Back in 2008 we signed up for a dedicated server from Hosting.com (formerly HostMySite.com) for one of our clients. Our salesperson was very helpful and explained to us that there was a 12-month term on our dedicated server. I remember thinking to myself we will have this for much more than one year, and it wasn't a problem.
Fast forward to over five years later. We still have the server but it has been giving us issues. It has become very slow and we have had to restart it many times. We filed support tickets with Hosting.com but they were unable to determine the issue. We felt these were warning signs that we should probably decommission it soon and move our valuable files over to a new server to ensure reliability.
We placed a call into Hosting.com's dedicated server engineers to decommission that server and put a stop on the recurring billing. We were paying $617/month for an obsolete Windows 2003 Server but we did so gladly knowing that we would eventually be changing it and we needed it to be online for our clients. We performed the lengthy migration and then our server was shut down by their technicians. A couple of weeks later I went to follow up to make sure the recurring billing has stopped for that account. The tech said nobody looked at the issue in the billing department and I was advised they would get on top of it. Another week goes by (now three weeks since our server has been shut down) and their billing department advises that we owe them $5,373.90 in an early termination fee. In disbelief I looked at the contract I had signed five years ago and I noticed that the term was 12 months as I had suspected. They directed me to some fine print many pages down in legalese that contradicted the term set forth on the main page.
Here is the term:
I was advised that many pages down in fine-print, there is a sentence that says 12 months actually wasn't the term of this contract. It's actually the "Initial Term" and the 12 month term renews from year to year indefinitely. If I even wanted to cancel, I had to give them 2 months notice before the term ends or before any recurring term was up or they'd charge me the balance of that term remaining plus the whole next 12 month term… Pretty wild huh?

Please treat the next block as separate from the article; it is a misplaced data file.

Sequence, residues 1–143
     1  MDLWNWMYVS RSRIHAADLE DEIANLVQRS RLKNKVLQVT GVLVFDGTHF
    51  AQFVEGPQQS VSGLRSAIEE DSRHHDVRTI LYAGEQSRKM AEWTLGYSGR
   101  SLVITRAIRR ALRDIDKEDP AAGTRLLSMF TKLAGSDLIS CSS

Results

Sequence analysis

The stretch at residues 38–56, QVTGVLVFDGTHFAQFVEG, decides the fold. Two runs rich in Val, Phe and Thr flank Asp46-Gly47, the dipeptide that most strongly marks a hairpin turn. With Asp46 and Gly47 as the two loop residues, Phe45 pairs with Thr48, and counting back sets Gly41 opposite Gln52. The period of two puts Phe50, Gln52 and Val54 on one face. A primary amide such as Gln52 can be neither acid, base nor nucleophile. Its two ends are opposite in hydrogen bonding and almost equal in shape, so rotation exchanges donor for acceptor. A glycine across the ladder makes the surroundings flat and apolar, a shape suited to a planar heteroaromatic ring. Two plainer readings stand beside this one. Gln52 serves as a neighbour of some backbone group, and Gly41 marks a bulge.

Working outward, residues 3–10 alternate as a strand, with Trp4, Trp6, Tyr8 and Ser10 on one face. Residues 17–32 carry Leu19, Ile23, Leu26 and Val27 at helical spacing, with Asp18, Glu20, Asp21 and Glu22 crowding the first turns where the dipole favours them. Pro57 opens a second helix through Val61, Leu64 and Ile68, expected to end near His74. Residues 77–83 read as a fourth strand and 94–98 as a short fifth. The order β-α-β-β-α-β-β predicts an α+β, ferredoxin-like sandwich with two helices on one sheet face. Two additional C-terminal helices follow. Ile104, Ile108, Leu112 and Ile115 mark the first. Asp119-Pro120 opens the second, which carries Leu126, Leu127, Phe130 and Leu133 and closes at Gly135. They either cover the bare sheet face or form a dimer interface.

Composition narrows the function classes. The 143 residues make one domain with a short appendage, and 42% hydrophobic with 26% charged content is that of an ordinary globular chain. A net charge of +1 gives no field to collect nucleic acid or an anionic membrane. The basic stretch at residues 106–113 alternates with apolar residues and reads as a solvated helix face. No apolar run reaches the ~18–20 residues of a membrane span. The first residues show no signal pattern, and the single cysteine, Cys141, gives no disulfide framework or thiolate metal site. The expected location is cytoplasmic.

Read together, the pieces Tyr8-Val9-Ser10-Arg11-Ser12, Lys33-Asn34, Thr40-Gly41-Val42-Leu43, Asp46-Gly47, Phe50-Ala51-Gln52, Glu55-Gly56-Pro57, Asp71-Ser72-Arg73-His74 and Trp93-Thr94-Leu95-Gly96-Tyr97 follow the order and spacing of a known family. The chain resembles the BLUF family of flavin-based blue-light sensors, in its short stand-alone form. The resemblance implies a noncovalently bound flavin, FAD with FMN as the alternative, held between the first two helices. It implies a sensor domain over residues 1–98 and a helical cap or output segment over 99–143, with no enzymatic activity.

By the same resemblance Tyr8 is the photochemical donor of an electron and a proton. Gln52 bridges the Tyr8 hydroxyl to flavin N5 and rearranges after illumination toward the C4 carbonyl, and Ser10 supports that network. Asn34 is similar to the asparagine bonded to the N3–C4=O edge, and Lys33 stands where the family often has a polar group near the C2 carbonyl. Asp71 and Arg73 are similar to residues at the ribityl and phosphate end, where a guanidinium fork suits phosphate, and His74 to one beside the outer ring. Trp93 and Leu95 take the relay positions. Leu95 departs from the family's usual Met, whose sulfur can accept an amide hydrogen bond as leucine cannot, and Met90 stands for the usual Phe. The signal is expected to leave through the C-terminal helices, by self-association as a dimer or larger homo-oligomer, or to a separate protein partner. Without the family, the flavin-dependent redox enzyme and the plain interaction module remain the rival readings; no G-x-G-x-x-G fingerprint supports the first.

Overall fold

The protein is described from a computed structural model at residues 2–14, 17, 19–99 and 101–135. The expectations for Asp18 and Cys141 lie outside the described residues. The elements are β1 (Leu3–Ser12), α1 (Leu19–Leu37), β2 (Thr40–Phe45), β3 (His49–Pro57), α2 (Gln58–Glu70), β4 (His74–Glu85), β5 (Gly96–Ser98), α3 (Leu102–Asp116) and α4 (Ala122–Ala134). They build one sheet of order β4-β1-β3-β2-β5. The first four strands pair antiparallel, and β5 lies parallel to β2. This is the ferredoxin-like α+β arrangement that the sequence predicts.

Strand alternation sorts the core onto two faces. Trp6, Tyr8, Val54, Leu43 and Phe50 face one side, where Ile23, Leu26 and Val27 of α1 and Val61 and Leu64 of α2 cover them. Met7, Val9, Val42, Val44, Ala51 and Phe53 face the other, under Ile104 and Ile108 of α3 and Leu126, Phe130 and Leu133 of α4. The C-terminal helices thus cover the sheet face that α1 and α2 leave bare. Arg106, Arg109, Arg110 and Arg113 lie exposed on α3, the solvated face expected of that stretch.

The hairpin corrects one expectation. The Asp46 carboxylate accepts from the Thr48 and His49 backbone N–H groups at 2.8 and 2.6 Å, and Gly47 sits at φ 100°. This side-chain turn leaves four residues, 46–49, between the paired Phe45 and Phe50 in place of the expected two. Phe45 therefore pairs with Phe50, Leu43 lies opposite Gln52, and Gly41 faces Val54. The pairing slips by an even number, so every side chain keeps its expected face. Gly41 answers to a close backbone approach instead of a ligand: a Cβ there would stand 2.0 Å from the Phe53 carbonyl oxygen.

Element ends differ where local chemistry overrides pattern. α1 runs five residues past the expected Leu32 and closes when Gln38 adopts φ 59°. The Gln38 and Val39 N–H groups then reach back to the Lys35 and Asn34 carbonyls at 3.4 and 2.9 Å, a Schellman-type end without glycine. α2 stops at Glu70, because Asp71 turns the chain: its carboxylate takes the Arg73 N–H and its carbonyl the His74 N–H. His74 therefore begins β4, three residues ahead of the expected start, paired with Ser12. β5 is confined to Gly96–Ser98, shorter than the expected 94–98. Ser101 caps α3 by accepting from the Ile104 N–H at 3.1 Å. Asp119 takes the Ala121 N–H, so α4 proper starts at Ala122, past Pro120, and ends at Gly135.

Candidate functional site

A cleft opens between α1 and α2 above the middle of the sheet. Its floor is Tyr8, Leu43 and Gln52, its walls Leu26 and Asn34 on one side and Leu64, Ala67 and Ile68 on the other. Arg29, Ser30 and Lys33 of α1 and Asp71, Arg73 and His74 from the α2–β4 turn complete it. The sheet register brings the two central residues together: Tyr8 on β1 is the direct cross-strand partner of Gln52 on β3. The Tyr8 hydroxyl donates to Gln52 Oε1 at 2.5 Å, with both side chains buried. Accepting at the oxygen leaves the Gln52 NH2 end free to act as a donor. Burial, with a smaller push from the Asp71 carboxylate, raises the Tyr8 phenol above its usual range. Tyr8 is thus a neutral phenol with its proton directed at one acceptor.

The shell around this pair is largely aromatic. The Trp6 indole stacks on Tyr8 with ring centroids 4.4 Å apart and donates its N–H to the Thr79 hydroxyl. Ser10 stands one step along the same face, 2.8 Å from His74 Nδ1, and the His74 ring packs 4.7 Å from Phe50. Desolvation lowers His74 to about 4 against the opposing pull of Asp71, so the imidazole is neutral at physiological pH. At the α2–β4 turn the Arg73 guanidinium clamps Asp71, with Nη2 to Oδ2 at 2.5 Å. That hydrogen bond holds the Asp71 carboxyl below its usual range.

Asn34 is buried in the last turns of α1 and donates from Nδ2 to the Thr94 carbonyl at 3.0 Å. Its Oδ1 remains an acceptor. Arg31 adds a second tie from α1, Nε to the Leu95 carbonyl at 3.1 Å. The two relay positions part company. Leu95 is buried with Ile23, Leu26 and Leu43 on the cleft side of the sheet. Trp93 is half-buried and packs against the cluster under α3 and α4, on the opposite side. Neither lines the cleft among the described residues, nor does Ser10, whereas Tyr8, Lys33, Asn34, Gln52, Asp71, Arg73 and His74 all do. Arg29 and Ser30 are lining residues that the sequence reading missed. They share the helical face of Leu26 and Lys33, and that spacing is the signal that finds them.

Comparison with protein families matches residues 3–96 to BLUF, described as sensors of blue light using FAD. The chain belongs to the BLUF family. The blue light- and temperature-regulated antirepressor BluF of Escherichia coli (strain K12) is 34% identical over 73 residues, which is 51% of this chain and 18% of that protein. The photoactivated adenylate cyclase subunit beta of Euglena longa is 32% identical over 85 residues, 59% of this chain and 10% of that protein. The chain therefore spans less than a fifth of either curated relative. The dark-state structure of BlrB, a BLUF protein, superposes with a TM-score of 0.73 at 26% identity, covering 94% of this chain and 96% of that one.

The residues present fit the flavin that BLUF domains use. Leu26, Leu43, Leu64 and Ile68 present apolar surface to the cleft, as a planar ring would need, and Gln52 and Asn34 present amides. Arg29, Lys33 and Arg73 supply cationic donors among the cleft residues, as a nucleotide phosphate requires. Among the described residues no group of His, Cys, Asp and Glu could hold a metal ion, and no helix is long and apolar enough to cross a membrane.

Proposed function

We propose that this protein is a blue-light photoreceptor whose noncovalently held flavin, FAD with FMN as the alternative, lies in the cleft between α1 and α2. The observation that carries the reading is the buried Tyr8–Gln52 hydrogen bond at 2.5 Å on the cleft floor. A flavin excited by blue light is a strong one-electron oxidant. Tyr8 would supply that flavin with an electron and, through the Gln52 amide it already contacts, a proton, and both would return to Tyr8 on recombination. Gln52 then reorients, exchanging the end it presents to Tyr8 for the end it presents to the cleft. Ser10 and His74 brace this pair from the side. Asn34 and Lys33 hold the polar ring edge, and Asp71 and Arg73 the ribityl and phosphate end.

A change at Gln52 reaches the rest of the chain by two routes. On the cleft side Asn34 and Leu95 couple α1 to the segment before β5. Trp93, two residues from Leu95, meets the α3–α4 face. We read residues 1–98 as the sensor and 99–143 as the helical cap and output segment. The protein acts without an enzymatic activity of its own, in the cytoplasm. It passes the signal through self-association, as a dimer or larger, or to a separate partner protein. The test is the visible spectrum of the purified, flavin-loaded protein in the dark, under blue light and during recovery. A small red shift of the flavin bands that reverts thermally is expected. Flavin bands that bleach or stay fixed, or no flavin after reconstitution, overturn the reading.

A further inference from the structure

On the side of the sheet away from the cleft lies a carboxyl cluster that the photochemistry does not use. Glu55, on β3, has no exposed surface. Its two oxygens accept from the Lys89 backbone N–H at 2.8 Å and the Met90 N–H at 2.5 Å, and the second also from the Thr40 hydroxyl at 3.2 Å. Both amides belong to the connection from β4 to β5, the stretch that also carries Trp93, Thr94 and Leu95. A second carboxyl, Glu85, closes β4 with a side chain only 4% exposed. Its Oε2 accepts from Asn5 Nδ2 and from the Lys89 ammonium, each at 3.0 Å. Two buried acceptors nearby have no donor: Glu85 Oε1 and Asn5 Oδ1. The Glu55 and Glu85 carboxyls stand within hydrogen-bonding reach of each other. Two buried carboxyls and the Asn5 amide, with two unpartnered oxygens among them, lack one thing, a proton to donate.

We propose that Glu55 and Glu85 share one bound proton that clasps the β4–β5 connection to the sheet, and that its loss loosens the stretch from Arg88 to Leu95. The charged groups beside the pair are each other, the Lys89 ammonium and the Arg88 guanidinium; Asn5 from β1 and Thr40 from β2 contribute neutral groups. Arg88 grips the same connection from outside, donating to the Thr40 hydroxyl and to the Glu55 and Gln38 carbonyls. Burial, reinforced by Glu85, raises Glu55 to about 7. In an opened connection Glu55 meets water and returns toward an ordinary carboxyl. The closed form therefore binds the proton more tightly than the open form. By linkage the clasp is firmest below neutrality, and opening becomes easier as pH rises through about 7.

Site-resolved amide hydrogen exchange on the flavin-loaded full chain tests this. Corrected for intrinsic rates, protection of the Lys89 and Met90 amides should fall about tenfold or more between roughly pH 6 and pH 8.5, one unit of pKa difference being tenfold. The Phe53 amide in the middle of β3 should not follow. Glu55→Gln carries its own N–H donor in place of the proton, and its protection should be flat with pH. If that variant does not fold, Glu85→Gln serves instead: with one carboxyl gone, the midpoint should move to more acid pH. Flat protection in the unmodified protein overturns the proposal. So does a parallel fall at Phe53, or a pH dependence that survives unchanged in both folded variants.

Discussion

I was advised we still owed their company $5,373.90 due to early termination on my 12-month contract even though we have had this server for 70+ months and paying more than $46,000 in hosting fees on this one contract alone.
Fact: I was told by our salesperson that the term of the contract was 12 months.
Fact: The contract corroborates that on page 4 and states the contract is 12 months.
Fact: There is fine print buried many pages down that is very confusing and states that the term is in fact NOT 12 months, but that term set forth on page 4 is only the "initial term".
Hosting.com tried to negotiate the early termination fee with me even down to 50%. But after already paying more than $46,000 for a server, giving them 7 years of business, and forwarding many of our clients to them providing them hundreds of thousands in revenue, I am not interested in giving them a dollar more to be honest.
I then got a letter that all inquires should be dealt by their attorney. I explained kindly to a manager there that if they will follow up with this deceitful termination fee I will shut down my 10 other servers I have with them through various accounts and customers costing them nearly $10,000 per month in lost revenue. I also advised I would blog about the unfortunate situation perhaps having other potential customers read my story and maybe cost them countless dollars in revenue. They did not seem to be concerned at all about the lost business and bad publicity all for $2,500 which they wanted to meet me halfway on.
Oh well, there's only so much I can do.
So in the future, I would stay far away from Hosting.com and/or HostMySite. There are many other cheaper companies like Rackspace and Amazon Web Services. The latter is the best in my opinion and you can spin up and shut down servers whenever you want at the cost of pennies. What's more is there are no deceitful contracts to sign. I guess when you are losing tons of business to the likes of Amazon which provides better, cheaper and more reliable services, you have to put confusing fine print in your contracts to trick people into giving you more business rather than wilfully.
It was fun while it lasted. I guess I'll have my hands full the next few weeks moving all my clients over to Amazon Web Services.